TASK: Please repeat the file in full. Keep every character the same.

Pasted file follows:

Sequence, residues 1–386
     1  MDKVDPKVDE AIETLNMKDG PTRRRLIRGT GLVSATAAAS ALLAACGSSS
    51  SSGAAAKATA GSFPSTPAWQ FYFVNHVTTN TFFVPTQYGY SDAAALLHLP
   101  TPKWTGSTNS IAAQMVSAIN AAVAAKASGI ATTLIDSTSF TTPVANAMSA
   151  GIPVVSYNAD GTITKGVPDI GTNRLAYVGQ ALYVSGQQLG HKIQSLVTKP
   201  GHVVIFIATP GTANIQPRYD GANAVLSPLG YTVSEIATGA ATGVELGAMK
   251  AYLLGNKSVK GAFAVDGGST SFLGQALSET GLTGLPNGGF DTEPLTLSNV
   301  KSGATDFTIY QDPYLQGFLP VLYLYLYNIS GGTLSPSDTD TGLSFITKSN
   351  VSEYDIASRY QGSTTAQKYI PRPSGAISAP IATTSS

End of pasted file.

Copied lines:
Sequence, residues 1–386
     1  MDKVDPKVDE AIETLNMKDG PTRRRLIRGT GLVSATAAAS ALLAACGSSS
    51  SSGAAAKATA GSFPSTPAWQ FYFVNHVTTN TFFVPTQYGY SDAAALLHLP
   101  TPKWTGSTNS IAAQMVSAIN AAVAAKASGI ATTLIDSTSF TTPVANAMSA
   151  GIPVVSYNAD GTITKGVPDI GTNRLAYVGQ ALYVSGQQLG HKIQSLVTKP
   201  GHVVIFIATP GTANIQPRYD GANAVLSPLG YTVSEIATGA ATGVELGAMK
   251  AYLLGNKSVK GAFAVDGGST SFLGQALSET GLTGLPNGGF DTEPLTLSNV
   301  KSGATDFTIY QDPYLQGFLP VLYLYLYNIS GGTLSPSDTD TGLSFITKSN
   351  VSEYDIASRY QGSTTAQKYI PRPSGAISAP IATTSS